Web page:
The Book that Changed my Life

Ok, maybe not my life, but definitely my career, and how I think about my role in my job. Linchpin, by Seth Godin. Now, if you read this blog, ever, you will know that I think Seth Godin is brilliant, and I read most everything he writes. Linchpin by Seth Godin

I was reading Linchpin last year, as an Executive Director of a non-profit, while we were working in Haiti, with children orphaned after the earthquake. I was doing something meaningful and amazing. But I really wasn’t happy. I wanted more growth of the artistic side in my life. I needed to do work that mattered, not just to others, but to me. I was looking to take some risks, to make those things happen, but was terrified. Godin wrote
Anxiety is practicing failure in advance....It’s fear about fear....Anxiety is the exaggeration of the worst possible what-if, accompanied by self-talk that leads to the relentless minimization of the actual odds of success.

 
The overarching theme of Linchpin is that business as usual isn’t going to work. Our economy has changed, so that the cog-in-machine mentality is no longer viable. Each worker has to bring something creative, unique, and perhaps even risky to their role. Often, this means creating your own job, but sometimes, it’s just finding ways to create “art” in your current situation. For me, it meant a bit of both.

Linchpin helped me clarify and prioritize what I really wanted in my life.  Godin writes about art a lot in this book. As he does, he means that art can be created in any job, even corporate or factory jobs, because it comes from the intention of the person doing the job.  He defines art as “...a personal act of courage, something one human does that creates change in another.” Another definition he uses is “Art is a personal gift that changes the recepient.”  When I read it, realized how important the “art” (dance and theatre) part of my life was to me. That I LOVED my non-profit work, and didn’t want to give it up. But that I needed to find a way to feed my artist side.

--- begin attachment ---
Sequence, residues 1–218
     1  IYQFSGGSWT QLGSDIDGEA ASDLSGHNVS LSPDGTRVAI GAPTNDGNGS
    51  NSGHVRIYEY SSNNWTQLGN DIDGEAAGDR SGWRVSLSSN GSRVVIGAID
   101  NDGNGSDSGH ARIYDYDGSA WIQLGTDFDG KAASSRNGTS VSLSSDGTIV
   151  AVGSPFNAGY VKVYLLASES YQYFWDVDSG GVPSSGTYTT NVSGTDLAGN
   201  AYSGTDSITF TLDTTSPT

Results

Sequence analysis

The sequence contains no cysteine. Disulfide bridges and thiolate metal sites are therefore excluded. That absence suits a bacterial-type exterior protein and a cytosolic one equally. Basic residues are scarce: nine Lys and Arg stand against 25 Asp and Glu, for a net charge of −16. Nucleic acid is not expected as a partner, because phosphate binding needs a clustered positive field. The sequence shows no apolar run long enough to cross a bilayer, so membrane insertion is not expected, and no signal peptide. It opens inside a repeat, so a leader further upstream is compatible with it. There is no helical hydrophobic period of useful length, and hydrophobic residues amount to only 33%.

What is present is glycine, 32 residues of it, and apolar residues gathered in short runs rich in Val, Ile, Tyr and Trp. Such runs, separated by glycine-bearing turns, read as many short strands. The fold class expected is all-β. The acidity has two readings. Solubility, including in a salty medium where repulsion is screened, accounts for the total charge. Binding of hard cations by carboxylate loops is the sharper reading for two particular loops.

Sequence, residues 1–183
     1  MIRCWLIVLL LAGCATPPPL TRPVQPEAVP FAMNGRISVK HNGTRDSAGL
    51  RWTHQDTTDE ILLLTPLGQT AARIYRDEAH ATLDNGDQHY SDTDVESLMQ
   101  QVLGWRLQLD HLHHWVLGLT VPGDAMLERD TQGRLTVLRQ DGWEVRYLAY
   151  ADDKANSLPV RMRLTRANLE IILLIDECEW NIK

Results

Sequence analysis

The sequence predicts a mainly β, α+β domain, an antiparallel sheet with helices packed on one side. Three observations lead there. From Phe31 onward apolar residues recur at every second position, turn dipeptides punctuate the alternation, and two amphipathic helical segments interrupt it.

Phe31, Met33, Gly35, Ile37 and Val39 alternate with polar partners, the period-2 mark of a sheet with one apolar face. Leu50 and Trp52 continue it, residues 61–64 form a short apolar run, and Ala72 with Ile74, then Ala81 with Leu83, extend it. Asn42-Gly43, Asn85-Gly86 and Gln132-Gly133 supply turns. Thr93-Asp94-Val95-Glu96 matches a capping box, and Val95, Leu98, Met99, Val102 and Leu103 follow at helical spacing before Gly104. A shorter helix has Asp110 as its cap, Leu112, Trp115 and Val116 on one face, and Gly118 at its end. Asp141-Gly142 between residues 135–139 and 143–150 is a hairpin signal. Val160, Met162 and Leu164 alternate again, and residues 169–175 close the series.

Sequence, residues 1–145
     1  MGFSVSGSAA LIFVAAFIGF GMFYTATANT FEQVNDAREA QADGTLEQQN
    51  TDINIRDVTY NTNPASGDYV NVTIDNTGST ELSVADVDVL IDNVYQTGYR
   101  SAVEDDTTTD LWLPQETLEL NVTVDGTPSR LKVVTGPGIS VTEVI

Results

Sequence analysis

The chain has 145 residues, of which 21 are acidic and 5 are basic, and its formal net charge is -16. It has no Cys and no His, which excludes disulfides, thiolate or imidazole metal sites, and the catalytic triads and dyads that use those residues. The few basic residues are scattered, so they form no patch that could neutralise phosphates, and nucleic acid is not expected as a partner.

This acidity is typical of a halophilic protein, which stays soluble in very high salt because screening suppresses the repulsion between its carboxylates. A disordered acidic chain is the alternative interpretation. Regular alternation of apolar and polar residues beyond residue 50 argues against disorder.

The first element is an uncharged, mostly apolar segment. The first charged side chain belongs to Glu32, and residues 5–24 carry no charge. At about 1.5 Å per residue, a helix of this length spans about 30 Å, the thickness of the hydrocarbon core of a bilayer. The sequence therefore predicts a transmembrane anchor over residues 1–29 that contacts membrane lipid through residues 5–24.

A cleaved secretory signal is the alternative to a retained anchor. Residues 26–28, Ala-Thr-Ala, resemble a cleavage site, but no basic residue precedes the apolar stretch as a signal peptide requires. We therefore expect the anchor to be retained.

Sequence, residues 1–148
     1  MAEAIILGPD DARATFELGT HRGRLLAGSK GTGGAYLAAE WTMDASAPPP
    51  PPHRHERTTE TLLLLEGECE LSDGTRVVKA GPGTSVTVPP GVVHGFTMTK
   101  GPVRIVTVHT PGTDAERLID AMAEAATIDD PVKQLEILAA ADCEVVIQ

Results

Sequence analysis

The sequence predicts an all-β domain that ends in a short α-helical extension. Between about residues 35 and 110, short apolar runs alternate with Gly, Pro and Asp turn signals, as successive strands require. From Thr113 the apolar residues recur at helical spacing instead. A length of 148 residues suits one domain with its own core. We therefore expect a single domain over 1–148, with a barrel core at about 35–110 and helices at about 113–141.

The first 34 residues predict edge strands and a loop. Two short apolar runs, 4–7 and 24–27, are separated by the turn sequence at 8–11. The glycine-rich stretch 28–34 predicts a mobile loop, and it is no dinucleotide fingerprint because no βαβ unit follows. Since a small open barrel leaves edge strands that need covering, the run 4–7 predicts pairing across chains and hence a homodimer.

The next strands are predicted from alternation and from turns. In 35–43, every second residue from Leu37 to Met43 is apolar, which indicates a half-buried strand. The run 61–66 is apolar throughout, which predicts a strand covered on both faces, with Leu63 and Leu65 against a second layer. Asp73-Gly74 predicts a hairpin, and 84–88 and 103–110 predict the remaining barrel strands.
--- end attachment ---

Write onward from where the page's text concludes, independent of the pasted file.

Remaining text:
I left my ED job. I took a job with a private family foundation as a grants manager. It was less consuming than the ED position, but I was still doing work that made a difference in the lives of others.  And, I had more time to grow as an artist. I’m only part-time. Leaving lots of time to be in the theatre, in the studio, in the classroom- performing, creating and teaching. This balance has made me not just a better artist, but a better non-profit worker.

I think the most important thing I learned from Linchpin is to take a risk on myself. I’m worth it. And the world needs people committed to making art, in every field. People interested in being human, making connections, taking risks. People who are willing to give of themselves to help other people find their art, their gifts, their change. Linchpin ends with this beautiful paragraph:

 
The result of the this art, these risks, the gifts, and the humanity coming together is both wonderful and ironic. The result of  getting back in touch with our pre-commercial selves will actually create a  post-commercial world that fees us, enriches us, and gives us the stability we’ve been seeking for so long.